From the early 80’s to the mid 90’s my Dad was a Royal Marine.
During his career he lost many colleagues and friends to the blasts of the IRA, both whilst peace-keeping in Northern Ireland, and in the numerous attacks that were rife throughout the UK at this time.
When my parents lived in military housing, they were issued with a long-handled mirror, and instructed to sweep it under their car each morning, to be sure that an explosive device hadn’t been planted underneath, overnight.
My Dad was in service until I was eleven, but I never once saw him in his uniform. Marines were never allowed to leave the confines of their base in their issued attire, as doing so would make him a terrorism target. Which would make my Mum, brother, myself, and family home, targets too.
At around aged ten, we went on a family trip into the town centre, and visited Waterstones bookshop, as was our tradition. Upon arriving home, that night, we turned on the news to discover that our bookshop had been gutted by a firebomb that had been hidden in the basement, nestled amongst the travel guides, that we had been browsing just hours earlier.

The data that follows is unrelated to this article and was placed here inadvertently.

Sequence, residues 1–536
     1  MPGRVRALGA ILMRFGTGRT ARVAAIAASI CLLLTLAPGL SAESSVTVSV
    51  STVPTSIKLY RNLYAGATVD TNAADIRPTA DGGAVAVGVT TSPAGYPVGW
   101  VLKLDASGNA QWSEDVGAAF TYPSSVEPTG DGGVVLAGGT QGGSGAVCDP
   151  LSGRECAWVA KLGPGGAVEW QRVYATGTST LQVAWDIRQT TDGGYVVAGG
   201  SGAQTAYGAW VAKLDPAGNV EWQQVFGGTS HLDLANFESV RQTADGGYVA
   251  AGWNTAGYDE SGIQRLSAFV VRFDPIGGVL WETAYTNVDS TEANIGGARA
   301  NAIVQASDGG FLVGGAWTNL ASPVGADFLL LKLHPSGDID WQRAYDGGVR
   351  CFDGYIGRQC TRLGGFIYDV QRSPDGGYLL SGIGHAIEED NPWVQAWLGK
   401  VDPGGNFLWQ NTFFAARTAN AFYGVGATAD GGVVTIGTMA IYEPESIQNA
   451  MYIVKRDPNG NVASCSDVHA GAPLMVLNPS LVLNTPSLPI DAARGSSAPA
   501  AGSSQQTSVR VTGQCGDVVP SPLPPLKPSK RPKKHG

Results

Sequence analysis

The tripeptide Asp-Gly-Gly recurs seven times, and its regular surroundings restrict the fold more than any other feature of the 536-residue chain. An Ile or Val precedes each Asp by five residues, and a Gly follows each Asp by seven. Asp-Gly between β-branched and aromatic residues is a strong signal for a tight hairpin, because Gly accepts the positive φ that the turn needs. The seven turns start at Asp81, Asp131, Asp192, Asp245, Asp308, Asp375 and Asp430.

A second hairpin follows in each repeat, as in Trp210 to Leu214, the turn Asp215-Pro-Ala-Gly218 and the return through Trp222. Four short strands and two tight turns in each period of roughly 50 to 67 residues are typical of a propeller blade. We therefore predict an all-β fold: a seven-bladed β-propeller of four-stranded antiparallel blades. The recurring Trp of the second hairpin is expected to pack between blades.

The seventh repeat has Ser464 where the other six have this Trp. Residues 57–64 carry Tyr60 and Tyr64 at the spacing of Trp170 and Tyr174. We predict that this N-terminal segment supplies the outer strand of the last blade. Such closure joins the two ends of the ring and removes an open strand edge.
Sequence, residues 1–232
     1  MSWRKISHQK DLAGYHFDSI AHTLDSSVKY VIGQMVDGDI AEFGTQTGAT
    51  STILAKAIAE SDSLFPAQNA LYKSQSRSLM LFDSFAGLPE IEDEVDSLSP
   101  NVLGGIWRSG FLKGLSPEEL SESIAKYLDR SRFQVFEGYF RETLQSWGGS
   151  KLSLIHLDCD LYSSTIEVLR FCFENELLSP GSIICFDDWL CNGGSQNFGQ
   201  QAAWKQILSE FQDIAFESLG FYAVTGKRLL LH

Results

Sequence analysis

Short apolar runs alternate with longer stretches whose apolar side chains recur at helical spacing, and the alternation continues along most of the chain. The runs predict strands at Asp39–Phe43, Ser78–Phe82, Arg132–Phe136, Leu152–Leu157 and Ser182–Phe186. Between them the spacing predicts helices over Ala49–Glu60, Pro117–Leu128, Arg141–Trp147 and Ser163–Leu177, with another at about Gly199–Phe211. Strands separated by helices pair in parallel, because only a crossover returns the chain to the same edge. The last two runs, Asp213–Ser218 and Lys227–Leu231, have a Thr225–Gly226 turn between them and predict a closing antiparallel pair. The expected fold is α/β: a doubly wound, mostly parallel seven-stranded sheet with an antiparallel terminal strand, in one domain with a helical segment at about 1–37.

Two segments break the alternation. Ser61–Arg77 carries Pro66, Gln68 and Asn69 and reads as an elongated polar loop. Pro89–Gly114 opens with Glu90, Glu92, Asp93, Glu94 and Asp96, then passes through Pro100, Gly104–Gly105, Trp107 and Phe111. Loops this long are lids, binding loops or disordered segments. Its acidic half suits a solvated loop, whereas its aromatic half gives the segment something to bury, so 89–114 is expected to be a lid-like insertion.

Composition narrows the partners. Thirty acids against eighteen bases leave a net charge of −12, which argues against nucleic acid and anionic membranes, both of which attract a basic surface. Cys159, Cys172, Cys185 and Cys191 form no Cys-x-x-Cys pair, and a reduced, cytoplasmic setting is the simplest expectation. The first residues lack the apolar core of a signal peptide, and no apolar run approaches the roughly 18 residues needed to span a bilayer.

Despite all of this ghastliness, my family and I knew the truth, which we never had to speak of; That whilst bad things were happening, despite the fear and horror, the loss and the grief – that it was still a tiny minority of individuals causing this pain.
We knew that not all Irish were terrorists. Just as not all bookshops were waiting to explode, and not all cars contained bombs. And most of all, that our lives didn’t stop, or become filled with hate, because of these few exceptions.
America, take note – bombs aren’t new to us. Neither is the strength, generosity, united community, and bravery that the people of Manchester are demonstrating right now, despite this being the saddest, most heartbreaking of times.
We don’t hide, discriminate, hate or attack.
We understand, we love and we live.